"Any judicial officer receives contributions from the bar, but Attorney General McGraw does not appoint special assistant attorneys general based on campaign contributions. Not many attorneys have the expertise to engage in antitrust litigation."

The ATRF is not buying their argument. Fees from settlements, it says, should go to the state Legislature for appropriation.

"McGraw's is a long-standing practice, dating back to the 1990s when he hired outside counsel to obtain nearly $1.8 billion from the tobacco industry, a substantial amount of which went not
to the state but to those private sector attorneys," the report says.

"Often enough, these attorneys are not paid on an hourly basis but instead receive a portion of the award that ought to go to the State and its citizens. State Senator Vic Sprouse has called McGraw's use of private firms the largest concern facing the West Virginia Legislature."

Other problems facing West Virginia's legal climate, according to the report, are:

-Medical monitoring lawsuits like the DuPont case, which includes $130 million for the medical monitoring of approximately 7,000 Harrison County residents who live near a plant where DuPont allegedly dumped cadmium, arsenic and lead;

-Mass trials, like asbestos cases grouped together, that put pressure on defendants to settle;

-Allowing out-of-staters to file lawsuits in West Virginia;

-The state Supreme Court's unwillingness to adopt the Learned Intermediary Doctrine, which would shield drug manufacturers from liability in cases where doctors did not warn patients of potential side effects;

-Courts allowing juries to determine punitive damages before deciding on liability; and

-The lack of an intermediate appellate court, which means an appeals aren't guaranteed to be heard.

The report also mentions a 2007 lawsuit against McDonald's in which the plaintiff sought $10 million because the restaurant put cheese on his hamburger. The plaintiff was allergic to cheese.

"Lawsuit abuse continues to have a negative impact on the nation's economy, and certainly on West Virginia's economy," Joyce said.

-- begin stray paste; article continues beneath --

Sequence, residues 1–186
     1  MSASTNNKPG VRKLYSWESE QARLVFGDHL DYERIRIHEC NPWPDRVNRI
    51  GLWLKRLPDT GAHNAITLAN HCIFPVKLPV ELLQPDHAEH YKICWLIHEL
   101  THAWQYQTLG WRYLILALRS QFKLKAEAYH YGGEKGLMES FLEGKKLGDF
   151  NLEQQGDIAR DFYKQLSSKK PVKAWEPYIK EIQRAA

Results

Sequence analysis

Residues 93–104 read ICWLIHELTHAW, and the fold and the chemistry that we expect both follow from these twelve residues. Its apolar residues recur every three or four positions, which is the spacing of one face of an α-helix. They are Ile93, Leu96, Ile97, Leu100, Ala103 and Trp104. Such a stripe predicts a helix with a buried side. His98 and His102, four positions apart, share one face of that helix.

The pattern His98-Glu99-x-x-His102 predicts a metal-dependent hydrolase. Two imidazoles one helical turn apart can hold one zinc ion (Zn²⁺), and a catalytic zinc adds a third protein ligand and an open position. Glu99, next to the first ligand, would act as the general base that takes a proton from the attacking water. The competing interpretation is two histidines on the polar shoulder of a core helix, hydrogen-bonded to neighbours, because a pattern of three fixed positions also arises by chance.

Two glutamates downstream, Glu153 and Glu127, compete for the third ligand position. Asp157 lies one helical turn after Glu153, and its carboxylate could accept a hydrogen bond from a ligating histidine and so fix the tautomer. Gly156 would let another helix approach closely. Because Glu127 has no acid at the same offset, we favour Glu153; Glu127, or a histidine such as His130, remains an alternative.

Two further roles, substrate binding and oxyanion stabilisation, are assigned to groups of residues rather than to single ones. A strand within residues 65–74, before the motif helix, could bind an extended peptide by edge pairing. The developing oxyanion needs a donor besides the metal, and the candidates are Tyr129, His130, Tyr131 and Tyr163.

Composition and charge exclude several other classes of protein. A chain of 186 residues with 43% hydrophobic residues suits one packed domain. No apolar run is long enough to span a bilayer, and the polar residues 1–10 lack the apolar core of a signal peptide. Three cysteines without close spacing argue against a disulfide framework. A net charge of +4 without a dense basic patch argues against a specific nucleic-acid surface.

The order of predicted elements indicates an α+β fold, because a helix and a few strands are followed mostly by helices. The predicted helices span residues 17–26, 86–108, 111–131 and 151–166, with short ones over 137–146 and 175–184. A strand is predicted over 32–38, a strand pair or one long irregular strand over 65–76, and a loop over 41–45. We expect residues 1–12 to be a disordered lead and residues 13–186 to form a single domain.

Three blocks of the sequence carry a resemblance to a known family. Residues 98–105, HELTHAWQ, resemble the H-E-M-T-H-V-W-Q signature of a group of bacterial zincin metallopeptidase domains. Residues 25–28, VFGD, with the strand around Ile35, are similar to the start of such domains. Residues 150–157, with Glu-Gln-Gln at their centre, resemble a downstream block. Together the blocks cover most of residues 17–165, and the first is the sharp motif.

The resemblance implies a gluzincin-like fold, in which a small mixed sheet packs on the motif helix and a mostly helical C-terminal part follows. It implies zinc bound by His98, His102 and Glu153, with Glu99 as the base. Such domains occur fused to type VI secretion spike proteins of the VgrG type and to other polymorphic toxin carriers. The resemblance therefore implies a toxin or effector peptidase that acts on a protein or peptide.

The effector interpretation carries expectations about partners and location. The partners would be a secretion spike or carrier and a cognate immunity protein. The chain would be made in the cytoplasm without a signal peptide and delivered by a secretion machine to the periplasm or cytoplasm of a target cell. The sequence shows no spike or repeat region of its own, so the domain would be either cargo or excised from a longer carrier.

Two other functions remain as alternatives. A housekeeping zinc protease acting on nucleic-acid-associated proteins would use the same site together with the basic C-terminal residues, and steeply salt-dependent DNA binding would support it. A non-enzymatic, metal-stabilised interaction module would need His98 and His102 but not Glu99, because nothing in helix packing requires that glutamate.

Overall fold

"Every dollar spent defending against a speculative lawsuit is a dollar that won't be spent on research and development, capital investment, worker training or job creation. Unfortunately for those living in Hellhole jurisdictions during this economic downturn, it can be that much harder to find or keep a job as employers are driven away by the threat of costly litigation."

In 2002, West Virginia received a dishonorable mention in the Hellhole report. In 2003, it was sixth on the list, fourth in 2004, third in 2005, first in 2006 and fourth last year.

To make way for West Virginia, South Florida was moved down a spot from last year to No. 2.

The report lists damage done by medical malpractice cases that resulted in some of the nation's highest insurance premiums.

"Many medical malpractice cases stem from true tragedies, particularly when childbirth is involved," the report says. "But extraordinarily high awards, like the $35 million to a family in Broward County this year, limit access to healthcare for everyone."

Broward County is also singled out for having three alleged instances of judicial misconduct alst year.

Also noted is a $24.2 million verdict against Honeywell International in Miami-Dade County. It may be the largest award for a single defendant in Florida asbestos litigation history, the report says.

"The jury reached its determination after just three hours of deliberations, though Honeywell itself
did not manufacture products containing asbestos," the report says.

"Its involvement in the case resulted from a series of corporate mergers dating back over 25 years. From 1981-2007, Honeywell prevailed in all but 10 of the 135 asbestos cases against it that went to trial. But it seems to have learned the hard way that going to trial in South Florida risks an outlier verdict."

At No. 3, Cook County in Illinois made the report for a fourth straight year because it has experienced "a substantial surge in asbestos claims, embraced improper class actions, rendered evidentiary decisions that favored plaintiffs, hosted excessive awards and otherwise shown an unwillingness to dismiss claims with little or no connection to the jurisdiction.

At No. 4, Atlantic County in New Jersey has become a destination for pharmaceutical litigation, the report says.

At No. 5, Montgomery and Macon counties in Alabama stepped up from the watch list because of a history of excessive verdicts, including a $215 million verdict against AstraZeneca Pharmaceuticals earned by outside counsel on behalf of the State, the report says.

At No. 6, Los Angeles County maintained its streak of being mentioned in the report every year it has been conducted, and Clark County in Nevada rounds out the list at No. 7.

Jurisdictions to watch were Rio Grande Valley and the Gulf Coast of Texas, Madison County in Illinois, Baltimore, St. Louis, St. Louis County and Jackson County in Missouri.

Other areas considered less serious were: Orange County, California; St. Clair County, Illinois; Madison, Wisconsin; Seattle; New Orleans; Santa Fe, New Mexico; and the states of Minnesota and Oklahoma.